“Un” Invitations…interesting read!
Getting invited to a friend’s wedding is most likely exciting for people, especially since it’s basically an invitation to have fun with old friends and party on their dime. However, it’s also important to remember that the bride and groom-to-be have been spending much of the last year or so in wedding planning mode – picking out everything from wedding decoration ideas to wedding ceremony songs – meaning they’ll expect their big day to go without a hitch.
Because of this, it’s crucial that you understand the etiquette of being a guest, so the couple won’t regret having you there.
Make sure to RSVP
Sure, you might have gotten the formal invitation for the wedding, but since you’ve been discussing the big day with the bride throughout the planning process, you may assume there’s no need to send back that you’ll be attending because she knows. Wrong. According to The Huffington Post Wedding, RSVPs are not an option, they are mandatory and help the couple figure out exactly how much food, drink and other items to order.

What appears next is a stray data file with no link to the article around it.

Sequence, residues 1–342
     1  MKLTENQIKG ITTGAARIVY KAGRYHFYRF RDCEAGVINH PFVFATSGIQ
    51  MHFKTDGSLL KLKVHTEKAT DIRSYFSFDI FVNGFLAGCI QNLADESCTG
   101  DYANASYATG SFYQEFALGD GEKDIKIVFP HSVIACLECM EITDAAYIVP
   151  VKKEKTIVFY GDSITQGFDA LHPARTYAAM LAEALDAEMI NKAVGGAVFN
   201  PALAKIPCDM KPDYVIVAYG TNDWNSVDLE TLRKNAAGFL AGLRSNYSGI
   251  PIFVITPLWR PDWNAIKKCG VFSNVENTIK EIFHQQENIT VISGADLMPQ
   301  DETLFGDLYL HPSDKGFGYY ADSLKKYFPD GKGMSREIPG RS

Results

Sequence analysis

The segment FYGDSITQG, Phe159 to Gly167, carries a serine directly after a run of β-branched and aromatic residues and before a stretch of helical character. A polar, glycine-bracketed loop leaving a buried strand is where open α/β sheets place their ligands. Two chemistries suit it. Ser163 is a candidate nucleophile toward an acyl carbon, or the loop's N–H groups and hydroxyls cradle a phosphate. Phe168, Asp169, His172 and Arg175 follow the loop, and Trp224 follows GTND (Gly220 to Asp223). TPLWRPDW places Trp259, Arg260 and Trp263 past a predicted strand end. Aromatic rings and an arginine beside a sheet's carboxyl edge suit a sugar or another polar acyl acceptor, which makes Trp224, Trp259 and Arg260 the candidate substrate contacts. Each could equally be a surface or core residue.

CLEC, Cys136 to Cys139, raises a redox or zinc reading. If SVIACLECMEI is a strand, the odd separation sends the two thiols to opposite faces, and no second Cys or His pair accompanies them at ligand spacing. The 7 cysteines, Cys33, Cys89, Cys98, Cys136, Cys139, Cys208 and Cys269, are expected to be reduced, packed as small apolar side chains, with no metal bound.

Secondly, it might be slightly embarrassing when the bride has to call you up and ask you if you’re coming, when you know you could have just sent the RSVP back.
Don’t assume you can bring a date
You might think that in this day and age everyone gets to bring a date to a wedding, but this is certainly not the case. The best way to figure out if you can or cannot bring a date is to check the invitation itself, The Frisky reports. If the card is solely addressed to you, it’s likely you’re being invited sans a guest. However, if you’ve been dating your guy for awhile and he knows the couple, it could be OK to ask the bride and groom about whether or not he’s invited – just make sure not to get upset or question it if he isn’t.
In most cases, brides and grooms will opt to allow married couples, those who have been dating for a long time, or guests who don’t know many other people at the wedding to bring a companion. Any other special requirements or exceptions will need to be made by each couple individually, since planning a wedding is a lot of work and expensive.